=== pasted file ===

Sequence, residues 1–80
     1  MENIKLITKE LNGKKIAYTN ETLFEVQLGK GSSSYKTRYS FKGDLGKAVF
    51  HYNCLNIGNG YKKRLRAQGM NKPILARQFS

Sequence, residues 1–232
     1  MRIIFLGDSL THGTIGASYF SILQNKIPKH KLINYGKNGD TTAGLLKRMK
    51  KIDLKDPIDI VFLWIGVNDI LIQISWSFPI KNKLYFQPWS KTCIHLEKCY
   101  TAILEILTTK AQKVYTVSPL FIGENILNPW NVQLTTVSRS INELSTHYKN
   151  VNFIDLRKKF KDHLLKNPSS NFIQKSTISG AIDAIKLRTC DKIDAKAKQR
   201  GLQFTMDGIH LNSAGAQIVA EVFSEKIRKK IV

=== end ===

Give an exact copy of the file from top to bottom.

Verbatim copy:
Sequence, residues 1–80
     1  MENIKLITKE LNGKKIAYTN ETLFEVQLGK GSSSYKTRYS FKGDLGKAVF
    51  HYNCLNIGNG YKKRLRAQGM NKPILARQFS

Sequence, residues 1–232
     1  MRIIFLGDSL THGTIGASYF SILQNKIPKH KLINYGKNGD TTAGLLKRMK
    51  KIDLKDPIDI VFLWIGVNDI LIQISWSFPI KNKLYFQPWS KTCIHLEKCY
   101  TAILEILTTK AQKVYTVSPL FIGENILNPW NVQLTTVSRS INELSTHYKN
   151  VNFIDLRKKF KDHLLKNPSS NFIQKSTISG AIDAIKLRTC DKIDAKAKQR
   201  GLQFTMDGIH LNSAGAQIVA EVFSEKIRKK IV